Government budgets are increasingly coming under pressure amid falling oil prices and this may influence healthcare spending. High cost of medical treatment and limited super-specialised care in areas such as oncology and cardiology are driving outbound medical tourism. Dearth of local talent to meet the requirement at healthcare centres and high dependence on expatriates. Private players face entry barriers such as high cost of setting up a hospital and high payback period. Also the current investment climate has made investors across the globe more cautious and risk-averse. Lack of homogeneous regulations and adherence to international standards have led to inconsistencies in the quality of services.
The Supreme Council of Health of Qatar has laid down a National Health Strategy (NHS) for 2011-2016, aimed at developing a world-class integrated healthcare system that offers high-quality services, a skilled workforce, a national health policy, effective and affordable care, and advanced research. To achieve these objectives, the government is encouraging private sector involvement.
As a part of its NHS, the government launched a Healthcare Facilities Master Plan for 2013-2033, which identified the supply gaps and the measures to fill them. Such plans are expected to strengthen Qatar's healthcare system. There are several initiatives that are focused on medical tourism which are likely to not only attract patients from across the world but also reduce the outbound visits of citizens for specialized treatment, thereby aiding the growth of the healthcare sector in the region. Rise of the PPP model: Private sector involvement is becoming imperative to meet the rising demand for healthcare as well as to reduce the burden of costs on the government finances. Government policies to increase insurance coverage and provide other infrastructure support as well as financial incentives are drawing investors to the region. Qatar's SCH, together with the Ministry of Economy and Commerce, has allotted five plots to build and operate hospitals under the PPP model.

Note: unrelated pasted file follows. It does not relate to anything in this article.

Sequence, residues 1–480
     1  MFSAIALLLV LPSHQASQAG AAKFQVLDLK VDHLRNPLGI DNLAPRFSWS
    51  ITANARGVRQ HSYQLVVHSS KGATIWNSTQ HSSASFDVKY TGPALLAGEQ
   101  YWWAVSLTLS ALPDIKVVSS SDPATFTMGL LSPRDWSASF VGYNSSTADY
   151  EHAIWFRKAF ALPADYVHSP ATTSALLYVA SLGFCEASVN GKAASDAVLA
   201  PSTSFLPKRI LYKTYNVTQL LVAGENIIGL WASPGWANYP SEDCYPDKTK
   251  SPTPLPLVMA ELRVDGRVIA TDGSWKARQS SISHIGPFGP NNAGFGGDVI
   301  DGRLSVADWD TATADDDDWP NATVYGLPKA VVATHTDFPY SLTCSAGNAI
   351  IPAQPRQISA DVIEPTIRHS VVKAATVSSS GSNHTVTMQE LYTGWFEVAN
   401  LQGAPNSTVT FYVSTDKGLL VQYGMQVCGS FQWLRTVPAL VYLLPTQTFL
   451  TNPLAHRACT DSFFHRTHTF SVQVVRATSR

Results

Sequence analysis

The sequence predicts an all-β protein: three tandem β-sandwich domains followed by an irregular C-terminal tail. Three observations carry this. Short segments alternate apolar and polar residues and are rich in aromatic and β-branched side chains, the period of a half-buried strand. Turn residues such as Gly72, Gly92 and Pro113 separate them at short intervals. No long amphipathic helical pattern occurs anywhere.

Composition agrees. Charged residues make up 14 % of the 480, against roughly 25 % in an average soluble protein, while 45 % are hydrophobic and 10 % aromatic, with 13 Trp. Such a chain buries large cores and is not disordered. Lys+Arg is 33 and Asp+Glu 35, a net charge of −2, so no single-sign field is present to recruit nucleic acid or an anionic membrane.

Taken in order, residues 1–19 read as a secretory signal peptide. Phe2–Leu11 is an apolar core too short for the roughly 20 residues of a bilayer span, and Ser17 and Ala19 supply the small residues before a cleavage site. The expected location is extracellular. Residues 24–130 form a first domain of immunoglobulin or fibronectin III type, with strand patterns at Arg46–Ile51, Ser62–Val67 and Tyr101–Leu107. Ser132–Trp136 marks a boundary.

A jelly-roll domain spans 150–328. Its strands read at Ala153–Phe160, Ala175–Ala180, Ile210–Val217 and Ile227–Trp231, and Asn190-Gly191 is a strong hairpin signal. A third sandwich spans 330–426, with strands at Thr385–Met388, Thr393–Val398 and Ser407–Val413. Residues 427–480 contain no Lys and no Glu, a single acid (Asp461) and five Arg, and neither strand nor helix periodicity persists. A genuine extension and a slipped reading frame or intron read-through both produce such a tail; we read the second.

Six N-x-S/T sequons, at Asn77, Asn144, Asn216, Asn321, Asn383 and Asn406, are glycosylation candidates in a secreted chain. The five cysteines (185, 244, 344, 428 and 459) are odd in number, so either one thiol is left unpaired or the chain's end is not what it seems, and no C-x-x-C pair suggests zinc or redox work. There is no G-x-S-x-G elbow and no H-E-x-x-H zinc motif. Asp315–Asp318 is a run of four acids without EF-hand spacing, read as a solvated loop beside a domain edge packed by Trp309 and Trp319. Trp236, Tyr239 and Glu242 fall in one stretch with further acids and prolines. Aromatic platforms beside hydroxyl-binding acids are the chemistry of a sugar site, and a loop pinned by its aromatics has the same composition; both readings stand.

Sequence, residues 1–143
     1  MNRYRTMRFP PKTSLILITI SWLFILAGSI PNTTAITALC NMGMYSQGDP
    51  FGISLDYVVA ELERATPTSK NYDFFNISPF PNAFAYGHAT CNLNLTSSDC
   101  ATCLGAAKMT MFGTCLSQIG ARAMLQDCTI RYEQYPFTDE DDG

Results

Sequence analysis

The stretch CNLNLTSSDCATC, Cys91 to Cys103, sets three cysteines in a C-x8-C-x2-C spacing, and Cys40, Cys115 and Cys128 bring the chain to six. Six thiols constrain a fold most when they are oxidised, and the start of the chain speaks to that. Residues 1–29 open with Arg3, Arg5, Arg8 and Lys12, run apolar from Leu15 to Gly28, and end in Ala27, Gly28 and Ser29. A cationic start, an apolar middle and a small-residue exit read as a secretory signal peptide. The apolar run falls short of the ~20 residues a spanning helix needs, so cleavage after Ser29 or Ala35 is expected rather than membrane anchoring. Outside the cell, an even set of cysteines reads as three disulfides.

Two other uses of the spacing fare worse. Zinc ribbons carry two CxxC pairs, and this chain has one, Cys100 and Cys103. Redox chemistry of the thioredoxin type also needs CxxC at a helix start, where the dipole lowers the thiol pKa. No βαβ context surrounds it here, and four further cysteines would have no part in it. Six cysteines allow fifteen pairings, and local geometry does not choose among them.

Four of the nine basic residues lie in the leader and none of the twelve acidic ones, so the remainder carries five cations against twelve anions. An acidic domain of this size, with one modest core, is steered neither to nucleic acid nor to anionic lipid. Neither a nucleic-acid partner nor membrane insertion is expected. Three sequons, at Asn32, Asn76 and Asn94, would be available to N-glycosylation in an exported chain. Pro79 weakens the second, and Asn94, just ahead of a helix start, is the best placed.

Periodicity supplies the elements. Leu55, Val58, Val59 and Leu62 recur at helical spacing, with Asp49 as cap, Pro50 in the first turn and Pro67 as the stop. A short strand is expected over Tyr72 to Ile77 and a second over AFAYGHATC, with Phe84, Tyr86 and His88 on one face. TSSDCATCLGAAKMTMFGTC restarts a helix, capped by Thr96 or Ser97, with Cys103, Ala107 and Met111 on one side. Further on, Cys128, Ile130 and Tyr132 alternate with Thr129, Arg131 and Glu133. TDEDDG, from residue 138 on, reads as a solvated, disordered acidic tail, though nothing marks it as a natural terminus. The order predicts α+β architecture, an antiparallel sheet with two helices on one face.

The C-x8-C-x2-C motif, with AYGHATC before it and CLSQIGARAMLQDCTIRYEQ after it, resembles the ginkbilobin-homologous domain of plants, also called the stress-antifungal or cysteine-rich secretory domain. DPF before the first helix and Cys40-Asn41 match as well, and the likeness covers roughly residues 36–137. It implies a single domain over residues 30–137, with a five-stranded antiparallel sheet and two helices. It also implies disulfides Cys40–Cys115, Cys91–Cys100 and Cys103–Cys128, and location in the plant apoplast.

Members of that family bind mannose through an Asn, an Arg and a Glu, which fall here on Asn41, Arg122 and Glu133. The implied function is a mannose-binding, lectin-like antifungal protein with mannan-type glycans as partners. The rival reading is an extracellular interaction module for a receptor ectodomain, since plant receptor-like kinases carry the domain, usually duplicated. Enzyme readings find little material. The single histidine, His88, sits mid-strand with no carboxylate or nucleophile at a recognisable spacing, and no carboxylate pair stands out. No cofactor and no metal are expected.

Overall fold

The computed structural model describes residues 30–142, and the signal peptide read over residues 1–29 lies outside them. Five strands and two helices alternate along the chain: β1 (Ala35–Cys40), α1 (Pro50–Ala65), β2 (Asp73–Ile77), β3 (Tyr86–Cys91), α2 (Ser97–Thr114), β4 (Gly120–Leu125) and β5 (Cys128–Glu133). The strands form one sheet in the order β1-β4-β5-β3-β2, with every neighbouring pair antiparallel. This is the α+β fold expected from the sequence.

Increasing use of Information Technology: Qatar is working towards developing an integrated and secure national eHealth system aimed at improving access to care, supporting new models of delivery, enhancing patient safety, and enabling a high-performing healthcare system.
Rising focus on preventive care: Growing health awareness among the residents along with the GCC governments' effort to improve the basic health indicators is leading to a shift from curative care to preventive care. Focus on the prevention of diseases will not only improve the public health profile but can also help reduce healthcare expenditure and enhance the quality of care. Qatar has included preventive healthcare as one of the goals under its NHS 2011-2016. It also aims at bringing about the development of occupational health standards as well as programmes and strategies focused on women and child health.
Long-term and post-acute care facilities (LTPAC): The rising prevalence of chronic diseases alongside an anticipated increase in the ageing population is prompting the need for long-term and post-acute care facilities in the GCC region. LTPAC facilities offer medical as well as nonmedical services to patients with prolonged illness or disability that renders them incapable of taking care of themselves for a long period. In the recent years, Qatar has also seen the launch of large LTC facilities, including a LTC unit in Rumailah Hospital and the Enaya Specialized Care Center.
The Qatar Health Facilities Master Plan includes the development of two LTC facilities between 2015 and 2019 at an estimated cost of QR4.0 billion ($1.1 billion)
Strengthening specialised care, medical education and research: Improvement in the standard of living has increased the incidence of lifestyle-related diseases in the GCC region, creating demand for specialised centres and resources of care. As part of their efforts to boost investments into the healthcare sector, the GCC governments are focusing on providing more specialised care centres.
The GCC nations are also engaging in research and strategic partnerships to strengthen their healthcare system.
In conclusion, favourable socioeconomic factors coupled with the GCC governments' focus on adopting a patientcentric model and improving the overall delivery system will continue to drive the growth of the GCC healthcare industry.